Suddenly, the Treasury Wakes Up

Legislation which would obligate security companies to improve the treatment of their workers has been tied up in bureaucracy for over a year.

Over a year ago the Industry, Trade and Employment Ministry drafted a proposal that, if implemented, would have obligated security companies applying for government tenders to stipulate the wages and benefits they planned to pay workers, and to present an accountant's statement every 6 months proving that such wages were indeed being paid. That proposal, however, never reached the Knesset plenum because the Finance Ministry opposed it, just as it has opposed every proposal making the government responsible for the rights of the tens of thousands of contracted workers it employs.

Claims that the government was lending a hand to violation of the law, turning a blind eye to the crushing of contracted workers' rights, or favoring companies submitting low tender bids ?(making it impossible for the winner to pay workers legal wages?) were to no avail. The thousands of suits filed by workers to the Labor Courts against contractors also made no difference, nor did protests by such social organizations as Kav La'oved ?(Worker's Hotline?) and the Association for Civil Rights in Israel.

The following also did not make a difference: a report by students at Hebrew University, documenting the wholesale violation of the rights of security and cleaning staff at government offices; the discovery by high school students that their school guards were not paid properly; the publication of figures that some 40 percent of poor people work; and the confession by security contractors themselves that they underpaid workers by an average of NIS 5,000 - NIS 6,000 a year.

The treasury heard and saw nothing. Clerks at the accountant general's office issued only a self-righteous statement that every service contractor who signed a contract with the government obligated himself to pay his workers in keeping with the labor laws, the collective agreements and their expansion orders.

As long as the treasury thought that the contractors were only deceiving the workers, silence reigned. Only when the government realized that it, too, was being hoodwinked, did the treasury take notice. Attorney Eran Golan, of Kav La'oved, provided this insight in a suit filed on behalf of a former security guard at the Religion Ministry, against the Modi'in Ezrahi security company. The contract signed between the government and Modi'in Ezrahi was part of the suit. The contract revealed that the company had received NIS 40 per hour for every guard, and had commited to pay him about NIS 28 per hour, including all his rights. In practice, the company pays NIS 24 at best.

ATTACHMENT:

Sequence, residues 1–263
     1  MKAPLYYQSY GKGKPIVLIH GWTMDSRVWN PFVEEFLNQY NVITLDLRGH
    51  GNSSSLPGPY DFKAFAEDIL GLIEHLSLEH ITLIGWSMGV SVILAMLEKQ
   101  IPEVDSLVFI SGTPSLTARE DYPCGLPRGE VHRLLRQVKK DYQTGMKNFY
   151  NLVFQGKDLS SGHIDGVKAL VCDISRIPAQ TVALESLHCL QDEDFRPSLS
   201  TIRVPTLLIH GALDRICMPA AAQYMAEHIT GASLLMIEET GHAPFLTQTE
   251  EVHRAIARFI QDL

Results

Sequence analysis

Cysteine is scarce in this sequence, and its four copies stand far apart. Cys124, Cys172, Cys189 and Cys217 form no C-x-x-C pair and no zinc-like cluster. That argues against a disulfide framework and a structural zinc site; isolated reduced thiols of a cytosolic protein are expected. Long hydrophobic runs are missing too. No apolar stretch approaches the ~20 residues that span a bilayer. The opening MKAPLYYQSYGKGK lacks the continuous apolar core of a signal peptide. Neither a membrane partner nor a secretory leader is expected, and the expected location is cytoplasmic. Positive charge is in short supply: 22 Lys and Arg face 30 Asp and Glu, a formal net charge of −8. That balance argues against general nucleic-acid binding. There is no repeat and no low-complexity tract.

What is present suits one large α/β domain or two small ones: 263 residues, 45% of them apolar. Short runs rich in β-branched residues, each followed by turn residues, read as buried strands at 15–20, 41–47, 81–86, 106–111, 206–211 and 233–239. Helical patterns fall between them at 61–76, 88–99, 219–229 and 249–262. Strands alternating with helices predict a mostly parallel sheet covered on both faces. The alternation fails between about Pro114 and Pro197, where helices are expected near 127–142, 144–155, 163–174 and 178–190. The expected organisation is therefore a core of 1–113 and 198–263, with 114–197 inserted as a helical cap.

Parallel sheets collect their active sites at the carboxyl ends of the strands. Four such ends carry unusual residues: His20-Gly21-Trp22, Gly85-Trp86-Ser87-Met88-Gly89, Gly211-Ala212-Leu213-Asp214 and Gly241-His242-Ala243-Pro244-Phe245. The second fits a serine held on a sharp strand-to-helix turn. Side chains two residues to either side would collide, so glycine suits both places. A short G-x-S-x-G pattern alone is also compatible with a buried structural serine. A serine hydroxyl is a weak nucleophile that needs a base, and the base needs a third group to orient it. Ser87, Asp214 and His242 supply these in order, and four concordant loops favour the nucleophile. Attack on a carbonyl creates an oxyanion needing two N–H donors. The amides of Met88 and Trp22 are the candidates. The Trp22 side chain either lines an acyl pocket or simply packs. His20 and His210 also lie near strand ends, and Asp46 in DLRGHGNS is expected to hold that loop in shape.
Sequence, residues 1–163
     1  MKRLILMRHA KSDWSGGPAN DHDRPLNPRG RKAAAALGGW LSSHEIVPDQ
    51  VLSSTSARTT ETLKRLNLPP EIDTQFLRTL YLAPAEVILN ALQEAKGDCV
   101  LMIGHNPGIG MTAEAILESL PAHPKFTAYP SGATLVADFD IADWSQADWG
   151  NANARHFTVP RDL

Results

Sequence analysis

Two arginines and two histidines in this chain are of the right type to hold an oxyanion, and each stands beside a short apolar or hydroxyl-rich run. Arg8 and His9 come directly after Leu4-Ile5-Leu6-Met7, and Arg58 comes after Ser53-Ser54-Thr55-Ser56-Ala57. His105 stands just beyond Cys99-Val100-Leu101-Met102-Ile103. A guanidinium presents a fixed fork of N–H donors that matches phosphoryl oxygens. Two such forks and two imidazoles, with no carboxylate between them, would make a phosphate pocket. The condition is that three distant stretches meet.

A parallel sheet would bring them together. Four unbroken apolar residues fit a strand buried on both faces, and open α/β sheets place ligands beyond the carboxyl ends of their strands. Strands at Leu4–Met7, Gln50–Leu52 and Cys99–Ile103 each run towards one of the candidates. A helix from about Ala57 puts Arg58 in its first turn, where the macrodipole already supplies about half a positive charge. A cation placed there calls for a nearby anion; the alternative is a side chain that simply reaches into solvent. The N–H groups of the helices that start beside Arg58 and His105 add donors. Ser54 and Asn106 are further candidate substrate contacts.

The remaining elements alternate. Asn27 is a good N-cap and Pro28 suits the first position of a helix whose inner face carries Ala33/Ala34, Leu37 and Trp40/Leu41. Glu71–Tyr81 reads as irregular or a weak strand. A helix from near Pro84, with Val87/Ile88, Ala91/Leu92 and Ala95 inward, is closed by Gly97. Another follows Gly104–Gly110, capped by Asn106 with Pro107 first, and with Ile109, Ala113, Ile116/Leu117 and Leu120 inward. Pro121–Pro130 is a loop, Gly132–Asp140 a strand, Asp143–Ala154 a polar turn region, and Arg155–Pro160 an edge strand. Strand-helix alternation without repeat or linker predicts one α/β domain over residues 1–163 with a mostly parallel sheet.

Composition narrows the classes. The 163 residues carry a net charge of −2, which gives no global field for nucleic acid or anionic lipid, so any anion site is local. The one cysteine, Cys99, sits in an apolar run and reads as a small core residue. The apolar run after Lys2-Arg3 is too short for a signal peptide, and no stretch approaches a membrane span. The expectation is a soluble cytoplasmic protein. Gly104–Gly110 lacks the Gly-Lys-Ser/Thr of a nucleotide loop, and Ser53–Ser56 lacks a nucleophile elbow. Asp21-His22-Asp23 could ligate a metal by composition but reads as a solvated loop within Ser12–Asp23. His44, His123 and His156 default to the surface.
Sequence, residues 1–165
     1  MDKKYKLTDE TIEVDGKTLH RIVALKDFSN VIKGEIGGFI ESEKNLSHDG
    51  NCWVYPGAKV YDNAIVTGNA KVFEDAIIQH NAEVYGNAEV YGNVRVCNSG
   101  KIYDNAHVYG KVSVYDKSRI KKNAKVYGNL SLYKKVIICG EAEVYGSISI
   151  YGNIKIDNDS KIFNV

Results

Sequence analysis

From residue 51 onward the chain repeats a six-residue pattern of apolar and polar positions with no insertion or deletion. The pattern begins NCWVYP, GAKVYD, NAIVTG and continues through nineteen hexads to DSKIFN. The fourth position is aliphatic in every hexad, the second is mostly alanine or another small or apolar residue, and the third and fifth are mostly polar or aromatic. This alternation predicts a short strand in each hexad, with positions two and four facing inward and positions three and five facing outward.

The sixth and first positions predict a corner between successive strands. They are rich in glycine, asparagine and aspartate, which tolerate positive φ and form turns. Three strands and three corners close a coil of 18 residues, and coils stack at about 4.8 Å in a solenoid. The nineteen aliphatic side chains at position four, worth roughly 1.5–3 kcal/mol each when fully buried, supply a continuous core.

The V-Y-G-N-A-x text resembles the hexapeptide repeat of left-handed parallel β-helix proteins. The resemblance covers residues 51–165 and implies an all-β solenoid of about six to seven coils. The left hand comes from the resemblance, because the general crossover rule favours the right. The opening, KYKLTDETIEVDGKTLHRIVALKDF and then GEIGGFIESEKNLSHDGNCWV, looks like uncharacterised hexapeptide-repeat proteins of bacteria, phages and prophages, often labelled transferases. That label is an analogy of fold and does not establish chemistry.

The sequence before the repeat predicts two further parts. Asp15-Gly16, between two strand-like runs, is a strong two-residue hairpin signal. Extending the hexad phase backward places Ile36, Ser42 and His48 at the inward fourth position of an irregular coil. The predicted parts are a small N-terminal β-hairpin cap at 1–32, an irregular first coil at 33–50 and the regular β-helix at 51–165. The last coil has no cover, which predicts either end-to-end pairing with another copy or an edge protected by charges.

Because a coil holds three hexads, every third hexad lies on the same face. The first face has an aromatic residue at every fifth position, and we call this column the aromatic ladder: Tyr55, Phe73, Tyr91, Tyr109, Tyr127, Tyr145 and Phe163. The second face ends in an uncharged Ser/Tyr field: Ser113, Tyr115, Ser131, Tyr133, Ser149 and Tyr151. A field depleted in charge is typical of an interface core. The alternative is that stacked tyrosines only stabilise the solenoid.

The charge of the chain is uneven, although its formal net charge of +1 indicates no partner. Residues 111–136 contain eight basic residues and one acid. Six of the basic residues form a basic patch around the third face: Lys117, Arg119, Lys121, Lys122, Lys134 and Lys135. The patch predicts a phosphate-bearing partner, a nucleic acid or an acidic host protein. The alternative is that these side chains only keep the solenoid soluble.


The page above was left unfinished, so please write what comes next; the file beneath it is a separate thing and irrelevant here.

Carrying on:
Deputy Accountant General Eitan Kashmon examined Golan's claims and found them to be true.

This prompted Accountant General Yaron Zelekha to declare a policy change. From now on, his office's audit department will oversee the preservation of the rights of contracted workers employed by the state. This oversight will include the examination of the reports sent by the contractors to the Income Tax Authority, National Insurance Institute, pension funds and provident funds ? to ensure that employers are indeed paying all the deductions required by law.

The contractors will also be required to submit pay slips for examination and the guards will be queried about their employment terms via anonymous questionnaires. Every government office will appoint a person to be in charge of handling complaints by contracted workers. The accountant general has also promised to punish recalcitrant contractors by redeeming guarantees and canceling contracts.

One of the tests of the treasury's seriousness will be its willingness to act as a regulator, rather than as an employer who focuses on lowering costs. This was why security services at government offices were privatized in the first place. The government did save money, but at the security guards' expense.

When the security companies realized their ruse was uncovered, they became "pious." Now they want to set things right throughout the private security service industry, to be honest ? but lament that they have no choice but to shaft the workers because the government does not want to pay the price to guarantee them their full rights. One security company even leaked tenders to the press, supporting this claim, while the company itself has been sued by 700 workers over the past two years.

Even the Histadrut labor federation joined the party. At the request of the security company, the Histadrut notified the Justice Ministry that the company was a signatory to a collective agreement obliging it to protect its workers' rights. The Justice Ministry committee that grants licenses to the security companies viewed this document as a certificate of integrity for the renewal of the company's license for 2006, despite the fact that Kav La'oved discovered that in 2005 alone over 350 suits were filed against the company. The company now wants to sign a new collective agreement with the Histadrut, which will probably consent ? so as not to lose out on membership dues from 15,000 workers.

The security industry is now in turmoil. The accountant general will soon be issuing a tender to determine which companies will be eligible to compete for government tenders for security services. The contractors now realize that the rules of the game have changed. But just by how much depends on the determination of the accountant general.